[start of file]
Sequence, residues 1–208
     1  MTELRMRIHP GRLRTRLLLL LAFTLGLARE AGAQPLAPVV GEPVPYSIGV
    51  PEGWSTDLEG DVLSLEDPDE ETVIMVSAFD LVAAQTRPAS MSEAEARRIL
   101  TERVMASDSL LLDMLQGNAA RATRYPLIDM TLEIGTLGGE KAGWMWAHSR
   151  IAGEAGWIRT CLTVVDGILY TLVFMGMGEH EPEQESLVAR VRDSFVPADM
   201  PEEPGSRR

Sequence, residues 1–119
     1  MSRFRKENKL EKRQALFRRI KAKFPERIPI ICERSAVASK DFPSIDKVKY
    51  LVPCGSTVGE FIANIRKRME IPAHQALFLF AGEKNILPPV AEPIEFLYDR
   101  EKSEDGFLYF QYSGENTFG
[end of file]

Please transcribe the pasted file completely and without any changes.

Sequence, residues 1–208
     1  MTELRMRIHP GRLRTRLLLL LAFTLGLARE AGAQPLAPVV GEPVPYSIGV
    51  PEGWSTDLEG DVLSLEDPDE ETVIMVSAFD LVAAQTRPAS MSEAEARRIL
   101  TERVMASDSL LLDMLQGNAA RATRYPLIDM TLEIGTLGGE KAGWMWAHSR
   151  IAGEAGWIRT CLTVVDGILY TLVFMGMGEH EPEQESLVAR VRDSFVPADM
   201  PEEPGSRR

Sequence, residues 1–119
     1  MSRFRKENKL EKRQALFRRI KAKFPERIPI ICERSAVASK DFPSIDKVKY
    51  LVPCGSTVGE FIANIRKRME IPAHQALFLF AGEKNILPPV AEPIEFLYDR
   101  EKSEDGFLYF QYSGENTFG